German Environment Minister Barbara Hendricks has announced that reducing the share of coal power in the German energy mix will be an inevitable part of the climate policy action plan to be decided by the government in December.
The plan aims to ensure that Germany reaches its target of reducing greenhouse gas emissions by 40 per cent by 2020, compared to 1990 levels. The measures currently in place in Germany are set to achieve a reduction of only around 33 per cent, the ministry estimates.
Hendricks made her remarks at a press conference in Berlin where she presented the results of the latest IPCC report on climate change released at the weekend. She said that along with tackling emissions from buildings, a cut in coal-fired power generation would be one of two main pillars of the climate policy action plan. The action plan is currently being finalised in consultations by various government ministries and will be agreed by cabinet on 3 December, Hendricks said.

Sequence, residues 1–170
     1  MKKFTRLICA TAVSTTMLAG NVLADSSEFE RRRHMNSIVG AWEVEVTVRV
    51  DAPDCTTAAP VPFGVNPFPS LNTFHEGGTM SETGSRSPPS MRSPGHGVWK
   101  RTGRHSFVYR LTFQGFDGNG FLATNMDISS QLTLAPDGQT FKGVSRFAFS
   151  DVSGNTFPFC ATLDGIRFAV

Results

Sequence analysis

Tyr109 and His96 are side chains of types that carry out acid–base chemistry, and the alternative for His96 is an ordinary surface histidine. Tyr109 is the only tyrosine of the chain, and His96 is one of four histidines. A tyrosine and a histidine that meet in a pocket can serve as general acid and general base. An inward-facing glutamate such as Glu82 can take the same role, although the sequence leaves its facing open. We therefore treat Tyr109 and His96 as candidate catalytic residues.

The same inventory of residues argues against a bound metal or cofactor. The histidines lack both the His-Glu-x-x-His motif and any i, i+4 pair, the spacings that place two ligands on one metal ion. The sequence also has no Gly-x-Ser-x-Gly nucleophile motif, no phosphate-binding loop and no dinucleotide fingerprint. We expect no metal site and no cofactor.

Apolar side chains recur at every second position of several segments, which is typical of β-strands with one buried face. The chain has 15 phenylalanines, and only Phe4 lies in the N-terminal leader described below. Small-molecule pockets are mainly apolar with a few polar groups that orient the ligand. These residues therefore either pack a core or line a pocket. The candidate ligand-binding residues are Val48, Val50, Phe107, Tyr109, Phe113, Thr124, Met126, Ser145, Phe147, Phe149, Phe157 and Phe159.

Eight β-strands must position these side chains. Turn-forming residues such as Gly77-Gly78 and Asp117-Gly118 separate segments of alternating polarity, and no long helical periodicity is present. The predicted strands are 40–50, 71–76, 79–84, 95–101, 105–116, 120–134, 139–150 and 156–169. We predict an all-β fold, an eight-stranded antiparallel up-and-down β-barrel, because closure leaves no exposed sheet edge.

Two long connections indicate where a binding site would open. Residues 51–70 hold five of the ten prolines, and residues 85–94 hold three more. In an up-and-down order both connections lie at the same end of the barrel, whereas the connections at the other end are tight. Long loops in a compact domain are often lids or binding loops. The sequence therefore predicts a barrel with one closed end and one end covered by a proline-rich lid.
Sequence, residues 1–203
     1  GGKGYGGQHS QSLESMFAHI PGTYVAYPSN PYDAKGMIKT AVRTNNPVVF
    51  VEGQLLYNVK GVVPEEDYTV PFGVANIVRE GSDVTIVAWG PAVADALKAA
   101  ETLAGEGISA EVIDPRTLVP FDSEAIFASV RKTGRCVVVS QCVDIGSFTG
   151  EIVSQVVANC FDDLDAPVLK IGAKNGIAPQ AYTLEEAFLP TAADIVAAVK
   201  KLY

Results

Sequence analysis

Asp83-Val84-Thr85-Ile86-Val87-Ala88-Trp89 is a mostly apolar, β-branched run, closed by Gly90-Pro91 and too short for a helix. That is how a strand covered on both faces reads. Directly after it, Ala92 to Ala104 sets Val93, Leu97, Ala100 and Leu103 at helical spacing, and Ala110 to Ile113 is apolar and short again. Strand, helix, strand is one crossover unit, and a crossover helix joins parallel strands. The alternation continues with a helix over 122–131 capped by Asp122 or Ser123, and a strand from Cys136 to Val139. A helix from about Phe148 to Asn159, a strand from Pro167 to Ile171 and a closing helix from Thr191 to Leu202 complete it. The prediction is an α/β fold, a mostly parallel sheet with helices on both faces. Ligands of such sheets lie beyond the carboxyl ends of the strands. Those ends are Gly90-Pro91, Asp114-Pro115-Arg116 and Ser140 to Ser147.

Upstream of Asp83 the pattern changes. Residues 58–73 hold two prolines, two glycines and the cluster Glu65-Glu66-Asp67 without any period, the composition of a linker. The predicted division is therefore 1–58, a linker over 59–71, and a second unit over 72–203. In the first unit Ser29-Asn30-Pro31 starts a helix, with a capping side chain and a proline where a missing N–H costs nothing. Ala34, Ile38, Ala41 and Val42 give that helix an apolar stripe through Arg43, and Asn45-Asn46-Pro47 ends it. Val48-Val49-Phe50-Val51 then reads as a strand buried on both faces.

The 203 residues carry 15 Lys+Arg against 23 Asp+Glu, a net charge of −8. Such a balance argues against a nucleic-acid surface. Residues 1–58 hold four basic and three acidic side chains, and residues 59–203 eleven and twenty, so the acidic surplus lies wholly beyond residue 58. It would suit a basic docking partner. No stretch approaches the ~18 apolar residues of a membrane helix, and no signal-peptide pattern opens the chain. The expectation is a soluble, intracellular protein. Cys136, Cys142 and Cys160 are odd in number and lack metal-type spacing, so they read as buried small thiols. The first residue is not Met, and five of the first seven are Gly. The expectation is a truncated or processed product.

The German government has repeatedly stated its commitment to closing the “emissions gap” to achieve the 40 per cent reduction target by 2020. Since 2011, German CO2 emissions have risen, owing to an increase in the use of coal, which has been made attractive partly by low prices in the EU emissions trading system (See Factsheet on EU ETS).